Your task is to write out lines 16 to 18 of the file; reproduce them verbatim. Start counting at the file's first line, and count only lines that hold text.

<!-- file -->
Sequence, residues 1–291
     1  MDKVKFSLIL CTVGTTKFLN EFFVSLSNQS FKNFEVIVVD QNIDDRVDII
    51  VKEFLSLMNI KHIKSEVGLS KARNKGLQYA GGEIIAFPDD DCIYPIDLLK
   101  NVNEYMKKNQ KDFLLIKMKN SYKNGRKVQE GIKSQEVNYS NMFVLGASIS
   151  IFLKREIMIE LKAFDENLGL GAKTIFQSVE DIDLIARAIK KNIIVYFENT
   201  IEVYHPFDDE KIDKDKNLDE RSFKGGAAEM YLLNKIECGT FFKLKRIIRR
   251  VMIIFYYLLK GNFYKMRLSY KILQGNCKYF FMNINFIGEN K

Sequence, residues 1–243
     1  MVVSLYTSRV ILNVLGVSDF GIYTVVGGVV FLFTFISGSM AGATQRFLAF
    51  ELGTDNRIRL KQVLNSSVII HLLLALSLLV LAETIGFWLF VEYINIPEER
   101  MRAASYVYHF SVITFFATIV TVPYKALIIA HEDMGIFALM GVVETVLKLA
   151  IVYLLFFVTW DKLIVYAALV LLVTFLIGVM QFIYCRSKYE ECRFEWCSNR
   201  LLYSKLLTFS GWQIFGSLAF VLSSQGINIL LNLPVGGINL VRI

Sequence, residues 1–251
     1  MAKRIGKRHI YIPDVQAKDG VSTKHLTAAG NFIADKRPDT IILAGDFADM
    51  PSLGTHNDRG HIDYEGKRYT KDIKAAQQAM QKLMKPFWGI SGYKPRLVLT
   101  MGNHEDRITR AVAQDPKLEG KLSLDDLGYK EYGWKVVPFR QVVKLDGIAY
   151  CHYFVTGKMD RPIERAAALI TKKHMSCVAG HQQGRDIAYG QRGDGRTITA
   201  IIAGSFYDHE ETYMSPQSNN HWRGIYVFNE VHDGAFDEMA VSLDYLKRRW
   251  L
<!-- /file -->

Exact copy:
    51  PSLGTHNDRG HIDYEGKRYT KDIKAAQQAM QKLMKPFWGI SGYKPRLVLT
   101  MGNHEDRITR AVAQDPKLEG KLSLDDLGYK EYGWKVVPFR QVVKLDGIAY
   151  CHYFVTGKMD RPIERAAALI TKKHMSCVAG HQQGRDIAYG QRGDGRTITA